How are you addressing the needs of a 21st century learner? What 19th century methods could you alter to make more effective with today’s students?

Zac Early is an instructional specialist with the eMINTS National Center.

Thursday’s Tip: A Little Guidance Goes a Long Way

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One of the most difficult aspects of teaching is finding ways to insure that all students are successful, not just those who are the most gifted. In our current system of “one-size-fits-all” curriculum, it is hard to figure out ways to help our struggling learners or those with learning disabilities to meet the same expectations as “regular education” students. There are expectations for all students to meet, but some aren’t as well-equipped as others to be successful.

One way to insure your neediest students get the support they require is to provide scaffolding to organize their learning. Many regular education students can also benefit from scaffolding, but they can also often be successful without these tools or can simply create their own scaffolding. Scaffolding could take the form of a graphic organizer or an outline. Sometimes, scaffolding can just be a strategy we give a student to help them with some difficult content.

A teacher with which I work shared a strategy he used in his current events class. Every day, students are required to bring in a summary of a news story to share with the class. One student in the class struggles to keep up with his peers. So, the teacher breaks down what should be included in his news summary. The student is asked to simply provide the who, what, when, why, and where (or the “Five W’s”) of every news story he chooses to share. The student has been successful with this task, something that was not expected. This allows the student to be successful and meet the same expectations as his classmates despite some learning deficiencies.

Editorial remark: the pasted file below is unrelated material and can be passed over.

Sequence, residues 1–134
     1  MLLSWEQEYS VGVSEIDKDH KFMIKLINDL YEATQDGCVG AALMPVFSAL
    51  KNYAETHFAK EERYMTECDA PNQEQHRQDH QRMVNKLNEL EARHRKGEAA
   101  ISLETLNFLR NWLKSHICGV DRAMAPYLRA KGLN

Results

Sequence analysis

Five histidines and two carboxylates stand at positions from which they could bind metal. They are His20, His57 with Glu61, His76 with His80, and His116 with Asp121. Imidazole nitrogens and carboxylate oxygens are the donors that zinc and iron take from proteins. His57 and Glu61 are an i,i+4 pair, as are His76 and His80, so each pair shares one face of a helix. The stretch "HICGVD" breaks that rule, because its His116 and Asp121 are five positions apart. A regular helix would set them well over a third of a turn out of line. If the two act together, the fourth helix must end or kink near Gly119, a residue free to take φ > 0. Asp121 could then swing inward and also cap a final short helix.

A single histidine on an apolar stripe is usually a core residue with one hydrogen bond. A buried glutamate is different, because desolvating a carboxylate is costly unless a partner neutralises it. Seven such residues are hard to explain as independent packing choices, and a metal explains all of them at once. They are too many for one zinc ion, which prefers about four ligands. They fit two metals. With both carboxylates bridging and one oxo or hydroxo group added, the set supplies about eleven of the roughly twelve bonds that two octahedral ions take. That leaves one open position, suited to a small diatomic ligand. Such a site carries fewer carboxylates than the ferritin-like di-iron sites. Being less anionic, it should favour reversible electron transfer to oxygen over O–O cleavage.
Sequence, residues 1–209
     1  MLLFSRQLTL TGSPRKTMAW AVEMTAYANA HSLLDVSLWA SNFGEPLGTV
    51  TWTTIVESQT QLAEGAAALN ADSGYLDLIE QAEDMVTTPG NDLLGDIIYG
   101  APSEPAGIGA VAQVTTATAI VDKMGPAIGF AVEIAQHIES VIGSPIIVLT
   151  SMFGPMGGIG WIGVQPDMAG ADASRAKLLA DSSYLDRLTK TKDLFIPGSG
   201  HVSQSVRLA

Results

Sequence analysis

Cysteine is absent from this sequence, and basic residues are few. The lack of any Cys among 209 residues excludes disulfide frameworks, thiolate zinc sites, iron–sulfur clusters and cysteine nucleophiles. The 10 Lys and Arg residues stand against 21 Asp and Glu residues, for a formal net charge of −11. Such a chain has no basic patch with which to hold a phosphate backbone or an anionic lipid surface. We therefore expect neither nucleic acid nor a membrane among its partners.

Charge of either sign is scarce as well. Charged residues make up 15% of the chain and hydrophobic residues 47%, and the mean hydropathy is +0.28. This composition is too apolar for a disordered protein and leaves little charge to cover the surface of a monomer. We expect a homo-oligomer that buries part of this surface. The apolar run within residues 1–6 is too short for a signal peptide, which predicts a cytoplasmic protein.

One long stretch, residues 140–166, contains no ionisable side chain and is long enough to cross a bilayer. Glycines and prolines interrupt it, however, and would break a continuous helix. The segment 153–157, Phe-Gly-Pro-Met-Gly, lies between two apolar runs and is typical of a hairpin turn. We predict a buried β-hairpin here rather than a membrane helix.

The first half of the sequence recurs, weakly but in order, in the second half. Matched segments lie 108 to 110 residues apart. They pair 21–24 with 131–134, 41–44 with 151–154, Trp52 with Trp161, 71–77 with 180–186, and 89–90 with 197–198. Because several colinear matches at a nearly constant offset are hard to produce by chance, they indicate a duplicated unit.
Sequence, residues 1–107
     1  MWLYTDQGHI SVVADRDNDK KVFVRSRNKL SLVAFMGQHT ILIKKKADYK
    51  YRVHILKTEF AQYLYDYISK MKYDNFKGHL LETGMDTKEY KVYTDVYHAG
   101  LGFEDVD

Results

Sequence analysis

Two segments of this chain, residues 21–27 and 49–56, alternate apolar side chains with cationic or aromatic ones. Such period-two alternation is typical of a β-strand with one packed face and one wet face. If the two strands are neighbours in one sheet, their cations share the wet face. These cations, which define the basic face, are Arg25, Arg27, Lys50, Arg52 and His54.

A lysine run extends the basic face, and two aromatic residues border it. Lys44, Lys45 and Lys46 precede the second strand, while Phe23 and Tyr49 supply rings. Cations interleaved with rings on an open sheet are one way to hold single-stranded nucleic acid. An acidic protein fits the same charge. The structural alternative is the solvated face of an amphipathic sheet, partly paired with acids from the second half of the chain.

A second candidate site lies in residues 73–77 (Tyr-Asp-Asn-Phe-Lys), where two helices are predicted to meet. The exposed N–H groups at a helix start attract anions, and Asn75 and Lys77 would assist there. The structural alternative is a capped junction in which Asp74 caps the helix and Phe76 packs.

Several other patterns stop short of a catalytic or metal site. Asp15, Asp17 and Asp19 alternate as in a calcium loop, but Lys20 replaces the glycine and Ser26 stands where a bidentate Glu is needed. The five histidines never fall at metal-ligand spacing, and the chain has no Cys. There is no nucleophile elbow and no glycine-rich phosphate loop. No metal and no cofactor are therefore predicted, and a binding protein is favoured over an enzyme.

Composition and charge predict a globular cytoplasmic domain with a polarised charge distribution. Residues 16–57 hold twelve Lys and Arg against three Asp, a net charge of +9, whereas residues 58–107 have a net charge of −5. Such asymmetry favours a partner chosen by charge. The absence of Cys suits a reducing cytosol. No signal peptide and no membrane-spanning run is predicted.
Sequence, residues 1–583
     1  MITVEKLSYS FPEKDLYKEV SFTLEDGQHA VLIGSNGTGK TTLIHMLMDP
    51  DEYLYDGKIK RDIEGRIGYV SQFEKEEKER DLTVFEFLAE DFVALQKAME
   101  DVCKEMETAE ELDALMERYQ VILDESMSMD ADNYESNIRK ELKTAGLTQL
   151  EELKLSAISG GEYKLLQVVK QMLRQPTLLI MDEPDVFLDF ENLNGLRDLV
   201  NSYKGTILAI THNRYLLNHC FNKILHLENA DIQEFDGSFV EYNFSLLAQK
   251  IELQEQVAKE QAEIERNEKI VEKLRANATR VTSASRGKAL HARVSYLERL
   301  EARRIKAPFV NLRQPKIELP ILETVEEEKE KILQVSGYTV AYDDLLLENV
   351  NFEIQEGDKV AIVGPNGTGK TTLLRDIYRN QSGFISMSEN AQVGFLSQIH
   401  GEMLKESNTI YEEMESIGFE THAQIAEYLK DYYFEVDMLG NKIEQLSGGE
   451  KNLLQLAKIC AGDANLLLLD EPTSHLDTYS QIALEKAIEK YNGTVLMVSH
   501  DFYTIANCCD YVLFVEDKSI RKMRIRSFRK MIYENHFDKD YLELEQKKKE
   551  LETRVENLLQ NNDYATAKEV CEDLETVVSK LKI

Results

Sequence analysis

Scaffolding allows us to guide our students to success, particularly those who don’t have the same abilities as their peers. Using scaffolding strategies can help students reach their full learning capacities by helping them get past any deficits. Guide your students to success by providing them the scaffolding to learn and you may find that they can go further than you or they ever hoped.